All this was rubbish, of course. It was an apartheid society. It nuked Japan not once but twice, deliberately selecting civilian targets. It shielded from justice top Nazi war criminals from justice in order to absorb them as partners in its intelligence structures. It conducted virtual “show trials” against dissidents during the hysteria of the McCarthy congressional hearings, seeding the country with a harvest of fear.
It waged a genocidal war on Vietnam to prevent that country’s independence and unification. It assassinated African independence leaders and bestowed fascist dictators on Latin America. It softly occupied Western Europe, tied it to itself through military “cooperation” through NATO, and continued its ruthless effort to take out the Soviet Union and crush self-determination in the colonial world.
The Soviet Union dissolved in 1991, and the US went berserk with triumphalism. The conquest of the world, interrupted in 1917, could resume.
The benign mask dropped. “History had ended, ideologies had died, and the messianic mission of the US to become the steward of God’s property on earth could be fulfilled.”
An ambitious neo-conservative conspiracy drafted “The Plan for a New American Century” (PNAC). It envisaged the 21st century as a unilateralist drive to entrench American values globally through pre-emptive wars and regime change.
This frenzied delirium of US military domination turned into official foreign policy with the Bush Doctrine after the terrorist acts on 9/11 in New York. But it would be the Clinton administration’s Doctrine of Humanitarian Warfare –combining the liberal principles of “democracy and freedom” with policies of human rights– that induced the liberal left to embrace war and imperialism as the method of defending human rights.
“Since 1945”, wrote Bohne,” America’s Manifest Destiny, posing as the Free World’s Crusader, has claimed 20 to 30 million lives worldwide and bombed one-third of the earth’s people.”
May 30, 2016.
Por Manuel E. Yepe
“Estados Unidos es una fábrica de armas que exporta guerra y pobreza a las masas, la Casa Blanca es un cuartel y el presidente de la nación es el jefe de la conspiración neoliberal para recolonizar el planeta. En el frente económico, Washington es el prestamista del
neoliberalismo; en el frente militar, promotor de guerras ilegales. Estas son las trincheras de su batalla por la dominación del mundo en el siglo XXI. Si no se le detiene, será un siglo corto.”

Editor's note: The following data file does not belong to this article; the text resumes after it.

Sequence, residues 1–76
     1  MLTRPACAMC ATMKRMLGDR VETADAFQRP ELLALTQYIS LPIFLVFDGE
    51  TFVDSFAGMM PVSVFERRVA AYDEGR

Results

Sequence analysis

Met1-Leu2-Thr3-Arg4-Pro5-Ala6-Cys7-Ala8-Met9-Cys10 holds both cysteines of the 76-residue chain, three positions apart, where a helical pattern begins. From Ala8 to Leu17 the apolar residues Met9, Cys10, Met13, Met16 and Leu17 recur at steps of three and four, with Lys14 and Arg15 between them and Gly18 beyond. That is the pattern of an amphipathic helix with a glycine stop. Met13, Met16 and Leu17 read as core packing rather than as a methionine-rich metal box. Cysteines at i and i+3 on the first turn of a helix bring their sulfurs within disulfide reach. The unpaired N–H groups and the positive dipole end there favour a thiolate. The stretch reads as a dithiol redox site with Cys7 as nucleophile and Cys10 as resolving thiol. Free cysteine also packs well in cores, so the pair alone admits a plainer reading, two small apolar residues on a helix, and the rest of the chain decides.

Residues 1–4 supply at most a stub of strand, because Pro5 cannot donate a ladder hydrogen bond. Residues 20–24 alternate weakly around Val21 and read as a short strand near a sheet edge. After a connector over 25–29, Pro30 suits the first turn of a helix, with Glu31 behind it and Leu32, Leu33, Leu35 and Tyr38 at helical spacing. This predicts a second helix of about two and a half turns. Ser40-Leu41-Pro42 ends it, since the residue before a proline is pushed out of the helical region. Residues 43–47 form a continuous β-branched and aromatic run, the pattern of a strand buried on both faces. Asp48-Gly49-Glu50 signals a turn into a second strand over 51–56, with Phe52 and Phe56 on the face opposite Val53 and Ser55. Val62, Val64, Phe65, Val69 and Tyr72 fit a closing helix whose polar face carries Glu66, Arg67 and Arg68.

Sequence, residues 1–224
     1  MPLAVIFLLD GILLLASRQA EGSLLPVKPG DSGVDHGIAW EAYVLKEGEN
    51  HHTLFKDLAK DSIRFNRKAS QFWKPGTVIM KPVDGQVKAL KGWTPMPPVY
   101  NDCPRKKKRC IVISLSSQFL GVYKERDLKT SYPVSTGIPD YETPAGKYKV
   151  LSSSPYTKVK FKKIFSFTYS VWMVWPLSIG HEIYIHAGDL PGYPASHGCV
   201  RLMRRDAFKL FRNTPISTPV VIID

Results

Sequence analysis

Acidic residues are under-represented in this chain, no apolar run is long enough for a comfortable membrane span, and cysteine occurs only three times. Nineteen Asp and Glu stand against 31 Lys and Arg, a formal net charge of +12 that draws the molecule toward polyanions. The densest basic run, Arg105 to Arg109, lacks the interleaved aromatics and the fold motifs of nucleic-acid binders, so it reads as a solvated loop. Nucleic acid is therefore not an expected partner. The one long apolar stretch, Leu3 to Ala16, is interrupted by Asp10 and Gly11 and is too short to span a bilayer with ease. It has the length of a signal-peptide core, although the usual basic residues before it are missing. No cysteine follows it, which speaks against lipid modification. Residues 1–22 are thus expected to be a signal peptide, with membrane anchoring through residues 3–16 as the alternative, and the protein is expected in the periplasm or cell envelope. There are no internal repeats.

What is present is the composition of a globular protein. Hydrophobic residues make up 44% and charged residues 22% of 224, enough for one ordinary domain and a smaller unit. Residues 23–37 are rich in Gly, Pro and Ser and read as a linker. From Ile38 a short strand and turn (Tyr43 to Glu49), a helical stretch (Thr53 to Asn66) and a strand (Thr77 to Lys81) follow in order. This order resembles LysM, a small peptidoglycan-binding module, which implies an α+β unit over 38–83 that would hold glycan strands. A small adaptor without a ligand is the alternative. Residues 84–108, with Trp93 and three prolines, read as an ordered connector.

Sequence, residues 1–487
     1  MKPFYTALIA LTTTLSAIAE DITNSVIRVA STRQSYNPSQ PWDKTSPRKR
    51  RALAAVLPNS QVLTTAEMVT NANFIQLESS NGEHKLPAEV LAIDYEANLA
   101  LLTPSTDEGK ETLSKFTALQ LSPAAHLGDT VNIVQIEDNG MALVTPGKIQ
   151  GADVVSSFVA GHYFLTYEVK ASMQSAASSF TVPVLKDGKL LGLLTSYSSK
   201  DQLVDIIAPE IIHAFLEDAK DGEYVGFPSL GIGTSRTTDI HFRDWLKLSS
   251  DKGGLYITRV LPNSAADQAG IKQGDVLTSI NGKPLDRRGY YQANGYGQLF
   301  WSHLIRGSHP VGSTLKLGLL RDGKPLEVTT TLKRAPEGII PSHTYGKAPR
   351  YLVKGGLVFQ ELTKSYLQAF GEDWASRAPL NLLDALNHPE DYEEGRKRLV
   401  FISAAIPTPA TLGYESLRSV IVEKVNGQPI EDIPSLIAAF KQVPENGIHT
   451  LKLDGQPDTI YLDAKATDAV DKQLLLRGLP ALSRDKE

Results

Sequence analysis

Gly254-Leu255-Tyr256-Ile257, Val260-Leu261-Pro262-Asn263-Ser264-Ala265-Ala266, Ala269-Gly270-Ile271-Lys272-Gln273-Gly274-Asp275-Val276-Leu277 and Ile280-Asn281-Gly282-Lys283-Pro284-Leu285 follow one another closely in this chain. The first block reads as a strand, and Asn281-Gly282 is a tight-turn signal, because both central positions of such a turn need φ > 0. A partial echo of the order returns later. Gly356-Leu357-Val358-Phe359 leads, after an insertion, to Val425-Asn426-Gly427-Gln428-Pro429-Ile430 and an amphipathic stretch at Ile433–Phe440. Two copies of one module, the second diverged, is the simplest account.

Esto dice y pronostica Luciana Bohne, crítica de cine y profesora de la Universidad de Edinboro, en Pensilvania, en un documentado ensayo acerca de la agresividad que despliega Estados Unidos en función de afirmar su hegemonía global.
En el siglo XIX, Estados Unidos, presentándose como la nación escogida de Dios por destino manifiesto para expandirse por el mundo y dominarlo para bien de la humanidad, decidió exterminar la “amenaza roja” interna. Forzó inicuos tratados y destrozó otros que no eran de su conveniencia, robó tierras, masacró poblaciones nativas, convirtió fincas de pastoreo en campos de concentración (reservas indias), todo en nombre del propósito de civilizar salvajes.
En 1890, con la matanza de Wounded Knee, su vocación imperialista completó la fijación de la frontera nacional que en lo interno llenaba sus aspiraciones. Pero quedaba un mundo por conquistar y el naciente imperialismo global estrenó su codicia con la conquista de Cuba, Puerto Rico y Filipinas, que eran parte del decadente sistema colonial de España. Nació el imperialismo externo norteamericano, escribe Bohne.
En 1917, dice la autora, “ocurrió una revolución social en Rusia, la segunda tras la francesa de 1789 que se proponía redistribuir la riqueza de los pocos para beneficio de los muchos. Estados Unidos, Gran Bretaña, Francia y otros acólitos, dejaron a un lado sus diferencias y se unieron para detener la terrible amenaza que planteaba la democracia popular y su difusión. Invadieron Rusia, fomentaron una guerra civil, financiaron y armaron a las fuerzas de la contrarrevolución. Cuando fracasaron, lo intentaron de nuevo en 1939. Pero la guerra de Hitler por el exterminio en la URSS terminó con espectacular victoria de Moscú”.
Por un tiempo, después de 1945, Estados Unidos tuvo que comportarse formalmente como un país civilizado. No obstante, desarrolló una campaña contra la URSS alegando que tenía una ideología de exterminio, terror, asesinatos y torturas. Estados Unidos, por el contrario, era un faro de esperanza para el “mundo libre”. Su Santuario estaba en las Naciones Unidas; su Sagrada Escritura en el derecho internacional, y era su principio básico la inviolabilidad de la soberanía de las naciones.
Todo esto, aclara Bohne, era pura falacia. Estados Unidos era una sociedad de apartheid que había sido capaz de llevar a cabo bombardeos nucleares -dos veces-, sobre objetivos civiles de Japón cruelmente seleccionados. Evitó que se hiciera justicia a los criminales nazis al finalizar la guerra para absorberlos como socios en las estructuras de su inteligencia militar. Llevó a cabo juicios mediatizados contra disidentes durante la histérica era macartista, sembrando al país para una cosecha de miedo. Libró una guerra genocida contra Vietnam para evitar su independencia y unificación. Asesinó a líderes